Allegations of sexual abuse at Mount Cashel Boys Home orphanage in Newfoundland (Canada) led to a royal commission, (The Hughes Inquiry) and further investigations followed into allegations at other institutions across Canada.
In Ireland, during the latter part of the 20th century, corporal punishment was casual, frequent and brutal in Artane Industrial School, which was run by Christian Brothers. Artane's staff included a number of Brothers who had been warned for “embracing and fondling” boys. Accused Brothers were excused, lightly admonished or, typically, moved to other institutions.
In Ireland in March 1998, the Congregation of the Christian Brothers published half-page advertisements in newspapers apologizing to former pupils who had been ill-treated whilst in their care. The advertising campaign expressed "deep regret" on behalf of the Christian Brothers and listed telephone lines which former pupils could ring if they needed help.
- Commission to Inquire into Child Abuse
In the Irish Commission to Inquire into Child Abuse's five-volume report of its investigation of systemic abuse of children in Ireland, the Congregation of Christian Brothers, which was the largest provider of residential care for boys in the country, received more allegations of abuse than all of the other male religious orders combined. Artane was the largest industrial school. The Commission to Inquire into Child Abuse found that Artane was under-staffed by a small number of largely inexperienced and untrained Brothers.
In 2003, the order took legal action against the Commission to Inquire into Child Abuse, to prevent the Commission from naming deceased brothers and brothers who were too old to competently defend themselves. The High Court rejected the challenge, but did stipulate that the Commission must take into account the corroboration of accusations and the testing of witness evidence, and to allow the representatives of deceased brothers to cross-examine witnesses. However, Justice Seán Ryan later overruled this when he took over the commission, and declared that individual perpetrators of abuse would not be named unless they had already been convicted 
The congregation issued a statement saying ""The Christian Brothers accept, with shame, the findings of the Commission to Inquire into Child Abuse ... The congregation is deeply sorry for the hurt we have caused - not just for the mistakes of the past, but for the inadequacy of our responses over recent years."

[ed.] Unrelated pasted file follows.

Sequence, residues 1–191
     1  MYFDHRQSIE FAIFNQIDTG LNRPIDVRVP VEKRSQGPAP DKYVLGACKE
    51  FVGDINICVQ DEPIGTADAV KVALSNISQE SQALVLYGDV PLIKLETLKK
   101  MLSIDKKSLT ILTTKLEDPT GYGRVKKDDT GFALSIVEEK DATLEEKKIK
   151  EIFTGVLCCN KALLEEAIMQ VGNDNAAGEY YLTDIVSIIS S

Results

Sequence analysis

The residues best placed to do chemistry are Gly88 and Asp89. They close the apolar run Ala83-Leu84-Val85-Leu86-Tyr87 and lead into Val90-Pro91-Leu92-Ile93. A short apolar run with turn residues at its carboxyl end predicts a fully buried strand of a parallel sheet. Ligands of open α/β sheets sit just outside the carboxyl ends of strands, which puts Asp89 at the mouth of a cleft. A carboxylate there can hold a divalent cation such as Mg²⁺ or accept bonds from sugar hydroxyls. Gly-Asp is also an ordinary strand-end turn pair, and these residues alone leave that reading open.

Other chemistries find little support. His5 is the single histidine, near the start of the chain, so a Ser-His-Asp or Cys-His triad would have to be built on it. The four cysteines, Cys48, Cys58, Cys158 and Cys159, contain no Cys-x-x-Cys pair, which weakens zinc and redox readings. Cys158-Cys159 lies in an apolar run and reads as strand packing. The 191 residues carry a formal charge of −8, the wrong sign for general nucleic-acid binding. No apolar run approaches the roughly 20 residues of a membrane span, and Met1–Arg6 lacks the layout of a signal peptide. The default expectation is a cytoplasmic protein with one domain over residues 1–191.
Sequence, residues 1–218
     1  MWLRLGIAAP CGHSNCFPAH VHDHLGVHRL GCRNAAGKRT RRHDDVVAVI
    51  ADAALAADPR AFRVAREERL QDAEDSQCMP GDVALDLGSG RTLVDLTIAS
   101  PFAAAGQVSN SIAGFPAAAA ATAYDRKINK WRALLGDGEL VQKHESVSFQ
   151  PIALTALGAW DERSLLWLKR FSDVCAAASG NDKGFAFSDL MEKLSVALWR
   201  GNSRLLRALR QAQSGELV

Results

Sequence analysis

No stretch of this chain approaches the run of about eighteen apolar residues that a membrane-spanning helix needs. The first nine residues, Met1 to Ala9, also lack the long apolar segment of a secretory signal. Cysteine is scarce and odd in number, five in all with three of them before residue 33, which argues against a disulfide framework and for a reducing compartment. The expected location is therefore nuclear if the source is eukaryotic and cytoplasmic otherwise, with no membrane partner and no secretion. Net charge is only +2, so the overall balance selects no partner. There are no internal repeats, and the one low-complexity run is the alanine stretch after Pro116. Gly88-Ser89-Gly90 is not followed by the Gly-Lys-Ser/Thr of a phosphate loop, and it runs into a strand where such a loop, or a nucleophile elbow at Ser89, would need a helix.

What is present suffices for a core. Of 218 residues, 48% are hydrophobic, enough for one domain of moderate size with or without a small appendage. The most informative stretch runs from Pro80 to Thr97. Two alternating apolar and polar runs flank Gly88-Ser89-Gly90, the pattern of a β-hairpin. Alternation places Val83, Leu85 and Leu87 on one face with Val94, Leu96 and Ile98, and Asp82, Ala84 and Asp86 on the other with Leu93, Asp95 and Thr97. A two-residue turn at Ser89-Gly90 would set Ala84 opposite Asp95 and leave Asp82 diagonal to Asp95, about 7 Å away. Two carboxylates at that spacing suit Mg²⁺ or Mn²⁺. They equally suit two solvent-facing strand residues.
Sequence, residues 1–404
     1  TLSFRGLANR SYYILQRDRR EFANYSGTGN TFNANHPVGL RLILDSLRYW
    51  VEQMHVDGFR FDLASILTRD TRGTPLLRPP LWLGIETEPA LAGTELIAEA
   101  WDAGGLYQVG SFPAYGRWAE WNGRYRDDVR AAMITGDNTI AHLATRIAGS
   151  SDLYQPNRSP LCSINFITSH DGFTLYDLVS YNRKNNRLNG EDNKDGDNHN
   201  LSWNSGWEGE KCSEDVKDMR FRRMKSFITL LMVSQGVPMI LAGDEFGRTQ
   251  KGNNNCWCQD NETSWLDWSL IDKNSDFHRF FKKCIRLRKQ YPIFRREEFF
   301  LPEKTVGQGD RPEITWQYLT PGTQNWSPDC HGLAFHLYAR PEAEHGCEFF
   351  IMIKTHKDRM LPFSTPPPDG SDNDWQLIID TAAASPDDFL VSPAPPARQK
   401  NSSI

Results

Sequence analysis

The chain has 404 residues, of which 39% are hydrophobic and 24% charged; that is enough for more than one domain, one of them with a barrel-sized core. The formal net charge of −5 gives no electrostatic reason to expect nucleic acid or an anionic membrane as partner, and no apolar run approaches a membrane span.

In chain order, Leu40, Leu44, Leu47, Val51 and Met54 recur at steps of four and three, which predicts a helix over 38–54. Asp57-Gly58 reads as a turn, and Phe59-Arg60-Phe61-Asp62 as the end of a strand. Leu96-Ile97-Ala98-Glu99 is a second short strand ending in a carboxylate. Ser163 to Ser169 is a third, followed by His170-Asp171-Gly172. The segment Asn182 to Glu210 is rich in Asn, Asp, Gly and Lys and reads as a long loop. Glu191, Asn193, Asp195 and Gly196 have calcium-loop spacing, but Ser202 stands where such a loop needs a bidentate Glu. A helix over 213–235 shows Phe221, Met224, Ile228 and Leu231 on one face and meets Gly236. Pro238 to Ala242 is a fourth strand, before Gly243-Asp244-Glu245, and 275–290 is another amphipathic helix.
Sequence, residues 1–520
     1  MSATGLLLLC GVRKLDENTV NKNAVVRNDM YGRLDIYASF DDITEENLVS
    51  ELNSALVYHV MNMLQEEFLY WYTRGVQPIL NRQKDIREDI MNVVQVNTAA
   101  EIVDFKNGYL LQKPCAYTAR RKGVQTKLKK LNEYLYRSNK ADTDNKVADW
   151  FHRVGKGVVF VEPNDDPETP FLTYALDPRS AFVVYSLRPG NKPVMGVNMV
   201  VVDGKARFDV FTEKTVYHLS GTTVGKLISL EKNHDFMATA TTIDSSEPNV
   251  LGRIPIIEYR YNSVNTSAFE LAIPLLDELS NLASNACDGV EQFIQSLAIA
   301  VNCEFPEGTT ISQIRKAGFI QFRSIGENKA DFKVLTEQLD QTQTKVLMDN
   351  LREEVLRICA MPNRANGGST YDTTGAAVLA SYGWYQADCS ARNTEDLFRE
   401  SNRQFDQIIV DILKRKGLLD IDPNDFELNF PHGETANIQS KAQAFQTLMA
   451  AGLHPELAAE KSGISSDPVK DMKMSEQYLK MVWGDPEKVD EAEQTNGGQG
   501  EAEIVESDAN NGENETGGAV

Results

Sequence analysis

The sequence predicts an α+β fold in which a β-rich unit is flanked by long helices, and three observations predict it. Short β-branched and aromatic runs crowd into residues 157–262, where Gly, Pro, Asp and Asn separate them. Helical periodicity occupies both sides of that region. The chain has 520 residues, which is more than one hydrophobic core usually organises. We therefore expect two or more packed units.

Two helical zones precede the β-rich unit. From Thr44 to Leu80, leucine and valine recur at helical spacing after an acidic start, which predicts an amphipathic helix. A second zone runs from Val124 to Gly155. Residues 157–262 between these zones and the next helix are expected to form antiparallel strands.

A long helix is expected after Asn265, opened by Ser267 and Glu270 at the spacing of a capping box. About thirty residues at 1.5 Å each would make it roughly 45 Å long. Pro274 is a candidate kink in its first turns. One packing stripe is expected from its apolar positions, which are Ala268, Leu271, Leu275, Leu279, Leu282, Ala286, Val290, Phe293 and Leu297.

- Financial settlements
In late November 2009 the organization announced they would supply a €161 million (£145 million sterling) package as part of reparations for child abuse in Ireland. This includes a donation of €30 million to a government trust and €4 million donated to provide counselling services. Playing fields owned by the organisation and valued at €127 million would be transferred to joint ownership of the government and the trust that runs former Christian Brothers schools.
In 1998, a member of the Congregation of Christian Brothers was arrested for indecent solicitation of a minor. Robert Brouillette was convicted in March 2000 of 10 charges related to child pornography.
In 2011, the North American chapter of the Congregation of Christian Brothers filed for Chapter 11 bankruptcy due to the financial burden caused by sex abuse lawsuits. The North American Province includes brothers in the United States and Canada. The majority of the claims were regarding the now-defunct Briscoe Memorial School, an orphanage and boarding school in Kent, Washington jointly run by the Archdiocese of Seattle and the Christian Brothers.
In 2013, the North American chapter agreed to pay approximately $16.5 million in damages to more than 400 men and women who were sexually or physically abused as children by members of the order. Between 2006 and 2011, the order had already paid approximately 25.6 million to victims in 50 abuse cases.
In December 2012, the Christian Brothers school St Ambrose College, Altrincham, Greater Manchester, was implicated in a child sex abuse case. A former lay teacher was convicted of nineteen counts of sexual assault occurring between 1972 and 1991.
In 2016, an ex-pupil of St Aidan's Christian Brothers school in Sunderland was paid £17,000 compensation after claiming two members of the Christian Brothers abused him at school in 1960s.
In 2016, two former Christian Brothers were sent to prison for the both sexual and physical abuse. John Farrell the former Headmaster of St Ninian's Falkland received 5 years and Paul Kelly ten years.
- Ellingsen, Peter. Ballarat's good men of the cloth. The Age Newspaper, June 14, 2002.